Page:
Sunday, January 10, 2010

Of Dreams and Schemes and Fishy Things - Austin

A rousing discussion took place on the TWG listserve some months back. The key word many of you might remember was "Scanner." The focus looked at the vast range of interests many of us as writers pursue. The book, "Refuse to Choose" by Barbara Sher, suggested that the inability to fix our focus on one thing and stick with that was a strength, rather than a weakness.

According to Barbara there are a number of distinct types of "Scanners." The one I most clearly identify with has a cyclical pattern. I will work at something with an almost addictive compulsion for weeks or even months, then suddenly find myself abhoring that topic for a while. I've learned not to discard the work, because a few months later the compulsion will hit again.

It's the in-between times that bug me. There is something satisfying within the compulsion itself. I can work as much as 20 hours a day and feel energized. But when the pendulum swings, sometimes for days or even weeks, I find myself lost.

Human identiy, especially male identity, ties into occupation. If you listen to men introduce themselves, you will almost always here some reference to their work. 'I'm Brian and I'm a writer.' That identity becomes problematic when weeks go by with scarcely a word written. With one major project completed and in the publisher's hands, a computer full of half developed stories and poems offers more than enough possibilities for focus and attention. But something in me rebels. It is not writer's block exactly, although the results are much the same. It's more a deliberate switching of gears for a time. My wife finds it alarming. She is convinced I sit around the house and dream up ways to spend money. Why did God make wives so insightful?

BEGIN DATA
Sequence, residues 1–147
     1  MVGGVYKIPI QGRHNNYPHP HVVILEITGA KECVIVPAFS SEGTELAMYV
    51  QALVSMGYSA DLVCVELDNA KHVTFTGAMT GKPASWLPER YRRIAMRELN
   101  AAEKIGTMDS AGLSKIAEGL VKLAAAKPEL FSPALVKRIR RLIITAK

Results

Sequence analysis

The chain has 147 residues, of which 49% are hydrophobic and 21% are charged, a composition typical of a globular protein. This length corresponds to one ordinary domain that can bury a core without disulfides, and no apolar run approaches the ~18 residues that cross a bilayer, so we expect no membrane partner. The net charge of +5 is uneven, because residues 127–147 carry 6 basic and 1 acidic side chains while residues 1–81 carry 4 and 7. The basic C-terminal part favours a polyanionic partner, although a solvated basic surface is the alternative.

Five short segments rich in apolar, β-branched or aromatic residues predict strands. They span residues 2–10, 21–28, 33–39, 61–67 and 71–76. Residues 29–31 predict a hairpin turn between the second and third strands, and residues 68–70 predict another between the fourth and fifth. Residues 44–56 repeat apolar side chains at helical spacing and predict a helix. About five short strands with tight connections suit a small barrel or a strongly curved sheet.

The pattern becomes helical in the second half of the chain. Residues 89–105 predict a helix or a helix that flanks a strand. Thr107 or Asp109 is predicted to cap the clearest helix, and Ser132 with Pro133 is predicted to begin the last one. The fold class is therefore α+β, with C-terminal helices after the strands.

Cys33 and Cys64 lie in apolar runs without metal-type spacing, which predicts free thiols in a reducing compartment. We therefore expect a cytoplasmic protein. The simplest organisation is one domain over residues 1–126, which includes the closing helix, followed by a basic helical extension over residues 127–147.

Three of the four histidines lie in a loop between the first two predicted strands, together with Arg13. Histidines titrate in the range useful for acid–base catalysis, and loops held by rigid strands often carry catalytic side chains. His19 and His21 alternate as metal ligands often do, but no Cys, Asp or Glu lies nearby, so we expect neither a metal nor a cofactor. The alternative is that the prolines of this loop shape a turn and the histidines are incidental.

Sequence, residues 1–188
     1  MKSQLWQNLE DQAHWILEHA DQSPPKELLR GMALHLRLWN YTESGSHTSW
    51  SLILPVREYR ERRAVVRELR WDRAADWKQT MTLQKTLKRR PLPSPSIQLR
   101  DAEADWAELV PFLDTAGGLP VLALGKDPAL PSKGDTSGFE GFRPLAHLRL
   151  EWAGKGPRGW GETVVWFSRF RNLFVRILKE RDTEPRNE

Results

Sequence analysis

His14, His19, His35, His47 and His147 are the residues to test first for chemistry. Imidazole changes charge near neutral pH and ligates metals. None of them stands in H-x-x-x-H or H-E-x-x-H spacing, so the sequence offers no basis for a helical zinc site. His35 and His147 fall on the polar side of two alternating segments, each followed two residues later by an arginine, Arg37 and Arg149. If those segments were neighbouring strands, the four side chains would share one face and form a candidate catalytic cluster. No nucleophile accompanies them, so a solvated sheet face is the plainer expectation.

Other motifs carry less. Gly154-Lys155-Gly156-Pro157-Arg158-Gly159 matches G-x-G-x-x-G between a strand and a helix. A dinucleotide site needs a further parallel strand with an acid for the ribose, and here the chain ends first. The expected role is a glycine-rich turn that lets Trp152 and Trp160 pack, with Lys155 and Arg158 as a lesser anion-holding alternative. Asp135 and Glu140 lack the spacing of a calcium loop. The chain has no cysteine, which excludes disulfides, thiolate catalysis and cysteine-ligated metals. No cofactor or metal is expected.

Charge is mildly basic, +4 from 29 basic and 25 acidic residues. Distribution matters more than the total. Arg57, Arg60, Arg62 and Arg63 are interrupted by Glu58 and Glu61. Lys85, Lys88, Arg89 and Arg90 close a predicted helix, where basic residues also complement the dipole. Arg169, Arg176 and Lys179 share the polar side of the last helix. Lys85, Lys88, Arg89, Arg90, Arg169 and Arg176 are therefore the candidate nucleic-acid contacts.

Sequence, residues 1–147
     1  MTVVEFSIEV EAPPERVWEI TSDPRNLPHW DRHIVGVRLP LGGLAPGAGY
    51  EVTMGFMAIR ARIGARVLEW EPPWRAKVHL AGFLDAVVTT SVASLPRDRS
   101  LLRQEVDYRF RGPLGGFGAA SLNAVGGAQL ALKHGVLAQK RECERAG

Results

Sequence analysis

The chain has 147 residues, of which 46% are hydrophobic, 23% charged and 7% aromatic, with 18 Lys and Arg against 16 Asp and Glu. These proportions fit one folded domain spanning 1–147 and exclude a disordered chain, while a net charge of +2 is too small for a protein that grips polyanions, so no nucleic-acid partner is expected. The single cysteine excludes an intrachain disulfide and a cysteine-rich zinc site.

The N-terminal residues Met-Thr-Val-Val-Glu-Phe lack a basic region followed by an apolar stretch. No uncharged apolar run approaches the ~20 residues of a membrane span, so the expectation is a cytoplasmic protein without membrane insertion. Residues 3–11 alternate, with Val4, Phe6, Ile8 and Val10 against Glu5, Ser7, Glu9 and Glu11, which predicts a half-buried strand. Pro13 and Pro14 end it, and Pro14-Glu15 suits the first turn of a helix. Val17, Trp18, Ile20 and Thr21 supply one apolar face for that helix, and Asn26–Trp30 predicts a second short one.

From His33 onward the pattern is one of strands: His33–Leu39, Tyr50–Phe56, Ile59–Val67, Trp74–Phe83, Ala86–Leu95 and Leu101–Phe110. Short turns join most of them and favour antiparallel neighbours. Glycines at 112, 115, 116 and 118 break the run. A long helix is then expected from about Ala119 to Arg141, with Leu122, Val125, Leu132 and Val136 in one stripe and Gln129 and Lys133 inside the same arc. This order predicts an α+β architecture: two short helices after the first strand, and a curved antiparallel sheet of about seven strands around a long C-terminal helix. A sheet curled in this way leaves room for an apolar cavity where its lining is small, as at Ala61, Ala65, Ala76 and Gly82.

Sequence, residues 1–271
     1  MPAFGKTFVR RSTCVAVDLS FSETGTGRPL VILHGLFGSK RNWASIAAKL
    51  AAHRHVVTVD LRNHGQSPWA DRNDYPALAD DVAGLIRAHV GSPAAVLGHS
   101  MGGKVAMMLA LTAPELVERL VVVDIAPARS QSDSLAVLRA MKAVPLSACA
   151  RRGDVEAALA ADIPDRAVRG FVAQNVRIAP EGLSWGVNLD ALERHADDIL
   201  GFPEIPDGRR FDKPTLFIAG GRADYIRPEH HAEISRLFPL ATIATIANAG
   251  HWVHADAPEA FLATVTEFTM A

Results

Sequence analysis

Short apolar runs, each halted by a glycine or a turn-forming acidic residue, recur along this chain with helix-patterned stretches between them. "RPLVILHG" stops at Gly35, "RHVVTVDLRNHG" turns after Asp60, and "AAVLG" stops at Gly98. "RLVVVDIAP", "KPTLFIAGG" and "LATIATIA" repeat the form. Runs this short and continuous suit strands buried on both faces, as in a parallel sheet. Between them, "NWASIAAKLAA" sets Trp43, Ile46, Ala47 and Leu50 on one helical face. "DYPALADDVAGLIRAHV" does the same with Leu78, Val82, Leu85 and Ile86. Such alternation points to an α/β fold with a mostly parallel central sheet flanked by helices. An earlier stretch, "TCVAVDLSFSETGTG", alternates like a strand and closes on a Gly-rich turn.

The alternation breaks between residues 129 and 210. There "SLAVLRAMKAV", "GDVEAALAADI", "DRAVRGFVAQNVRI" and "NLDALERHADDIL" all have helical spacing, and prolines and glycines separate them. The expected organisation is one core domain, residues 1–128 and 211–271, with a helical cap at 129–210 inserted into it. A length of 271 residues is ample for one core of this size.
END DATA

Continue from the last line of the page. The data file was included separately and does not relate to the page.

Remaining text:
A unique synergy infuses the relationship between intense fish production and ideal greenhouse crops such as tomatoes and peppers. Fish provide all the nutrients required for optimum crop production in a system that draws from and improves on hydroponics. The crop production in turn, as it draws nutrients from the water, purifies and filters that water in a natural and healthy way, optimizing its quality for the fish. Large volumes of water provide thermal mass to stabilize the temperature in a greenhouse environment, while a new generation of greenhouses use soap bubbles between two layers of plastic to provide as much as R30 insulation value yet still allow passage of light. The soap bubbles themselves are essentially the same as children delight to blow through small rings. By selectively filling cavities between walls, they can allow maximum light through the day and maximum insulation at night. They can also alternate between east and west or north and south walls to take full advantage of the position of the sun as it moves across the sky, while insulating any walls where heat loss is greater than heat gain. And of almost equel importance, the same properties can insulate against excessive heat in the summer.